Glory restored to David Whitney Building
Lumber baron David Whitney would surely be pleased. The long-abandoned Detroit skyscraper bearing his name is about to reopen, and it looks like a million dollars.
Well, $92 million, to be precise — the price tag developer David Di Rita of Whitney Partners puts on the elaborate restoration that will bring the 1915 Grand Circus Park landmark back to something very close to its original glory inside and out.
When it reopens in December, the 19-story building, designed by Chicago's D. H. Burnham & Co., will house an Aloft "boutique" hotel with 136 rooms, and 105 apartments starting at $1,000 a month on floors 10 through 18. A new restaurant, the Grand Cirque Brasserie, is slated to open next March.
Di Rita promises the Whitney, which closed in 1999, will be a luminous addition to the skyline.
"We're going to up-light the façade at night," he said, as well as a reproduction of the original rooftop sign with the building's name. (The red illuminated sign many will remember was not original.)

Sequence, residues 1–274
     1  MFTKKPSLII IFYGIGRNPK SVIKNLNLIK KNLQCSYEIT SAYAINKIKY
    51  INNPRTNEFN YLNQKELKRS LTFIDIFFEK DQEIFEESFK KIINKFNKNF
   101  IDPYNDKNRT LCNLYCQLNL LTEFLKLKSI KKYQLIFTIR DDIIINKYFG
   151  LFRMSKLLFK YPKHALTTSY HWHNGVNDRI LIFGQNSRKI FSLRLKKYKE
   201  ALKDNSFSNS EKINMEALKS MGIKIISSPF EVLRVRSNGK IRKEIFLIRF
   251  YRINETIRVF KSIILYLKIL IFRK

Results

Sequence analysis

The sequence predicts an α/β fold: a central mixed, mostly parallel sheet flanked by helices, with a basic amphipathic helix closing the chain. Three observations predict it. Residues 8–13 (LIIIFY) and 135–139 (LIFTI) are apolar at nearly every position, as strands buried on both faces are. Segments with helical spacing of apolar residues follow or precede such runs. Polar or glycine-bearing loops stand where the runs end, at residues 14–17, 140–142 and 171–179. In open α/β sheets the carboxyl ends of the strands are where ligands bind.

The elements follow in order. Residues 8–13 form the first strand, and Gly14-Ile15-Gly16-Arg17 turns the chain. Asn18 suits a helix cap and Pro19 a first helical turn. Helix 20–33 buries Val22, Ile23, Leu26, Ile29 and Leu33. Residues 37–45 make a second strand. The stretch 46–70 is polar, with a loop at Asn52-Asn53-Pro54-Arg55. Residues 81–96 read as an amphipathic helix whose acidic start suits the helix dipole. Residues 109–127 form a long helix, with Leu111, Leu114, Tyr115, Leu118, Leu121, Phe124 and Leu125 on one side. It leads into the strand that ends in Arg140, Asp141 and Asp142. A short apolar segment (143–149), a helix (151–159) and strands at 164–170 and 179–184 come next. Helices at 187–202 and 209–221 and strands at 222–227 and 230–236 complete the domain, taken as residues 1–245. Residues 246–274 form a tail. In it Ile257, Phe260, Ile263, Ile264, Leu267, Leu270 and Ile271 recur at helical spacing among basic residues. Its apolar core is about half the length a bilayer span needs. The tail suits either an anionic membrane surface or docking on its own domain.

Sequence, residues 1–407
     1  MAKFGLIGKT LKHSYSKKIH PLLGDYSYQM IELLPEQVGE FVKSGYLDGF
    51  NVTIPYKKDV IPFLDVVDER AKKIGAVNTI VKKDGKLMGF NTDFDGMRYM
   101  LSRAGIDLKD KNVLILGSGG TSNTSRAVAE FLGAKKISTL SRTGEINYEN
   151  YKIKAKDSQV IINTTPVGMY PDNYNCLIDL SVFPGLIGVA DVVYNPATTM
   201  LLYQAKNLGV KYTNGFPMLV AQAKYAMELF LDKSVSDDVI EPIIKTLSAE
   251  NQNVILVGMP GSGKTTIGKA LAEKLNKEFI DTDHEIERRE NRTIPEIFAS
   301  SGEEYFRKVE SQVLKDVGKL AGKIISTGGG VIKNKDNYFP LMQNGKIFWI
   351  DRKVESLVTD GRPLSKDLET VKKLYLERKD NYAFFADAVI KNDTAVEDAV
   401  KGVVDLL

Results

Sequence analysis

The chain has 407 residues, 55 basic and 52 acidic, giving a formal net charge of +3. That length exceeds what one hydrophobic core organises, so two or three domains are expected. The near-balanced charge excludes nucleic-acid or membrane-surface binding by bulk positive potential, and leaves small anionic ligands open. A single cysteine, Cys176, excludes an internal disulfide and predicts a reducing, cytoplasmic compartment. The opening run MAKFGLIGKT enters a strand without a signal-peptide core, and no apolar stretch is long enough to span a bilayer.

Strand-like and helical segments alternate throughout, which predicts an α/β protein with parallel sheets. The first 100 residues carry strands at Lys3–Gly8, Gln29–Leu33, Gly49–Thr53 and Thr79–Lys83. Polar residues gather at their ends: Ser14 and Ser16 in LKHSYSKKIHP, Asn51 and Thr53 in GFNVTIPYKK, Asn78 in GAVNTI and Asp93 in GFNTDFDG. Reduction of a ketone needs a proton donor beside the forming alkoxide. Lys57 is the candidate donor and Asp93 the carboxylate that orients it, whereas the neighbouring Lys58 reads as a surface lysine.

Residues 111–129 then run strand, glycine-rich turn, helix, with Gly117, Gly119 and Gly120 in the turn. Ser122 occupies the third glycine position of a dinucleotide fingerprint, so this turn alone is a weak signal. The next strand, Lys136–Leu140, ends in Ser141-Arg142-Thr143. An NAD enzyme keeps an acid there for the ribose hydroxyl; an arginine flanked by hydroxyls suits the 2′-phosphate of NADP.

But it's the four-story interior lobby, the Grand Rotunda, with its vast skylight and large gold clock, that's the real knockout. Anyone who visited in the 1990s will scarcely recognize the space now that all its white-and-gilt luster has been brought back to life.
Throughout there's been an impressive effort made to retain historic elements. Doors to hotel rooms and apartments are original. And some 800 of the building's 1,100 windows have been meticulously restored rather than replaced.
The Grand Rotunda skylight, however, is something of an exception to this rule, though you'd never guess.
The ornate grid that held the original glass "panes" is still there, but rather than replacing every piece of glass, which wasn't practical, Di Rita says that architects instead removed them all and suspended a large, invisible glass sheet on top of the metalwork.
If the Whitney's restoration seems unusually good, that has a lot to do with rental rates. In the past year or so, residential rents downtown have begun to get close to $2 a square foot, a number that allows for more luxurious treatment.
This is a good thing, as the building suffered from an ill-advised exterior "modernization" in 1959 that architect Bob Kraemer at Kraemer Design Group has worked to remedy.
Among other touches, he's restored the long-lost lion's heads that used to ring the 19th floor.
Kraemer told The Detroit News a month ago that they've relied on both the original plans and old photos to get it right, though it wasn't possible in all cases to precisely mimic every element of the 1915 design.
"What we're putting back is an interpretation of what we believe was there," Kraemer said.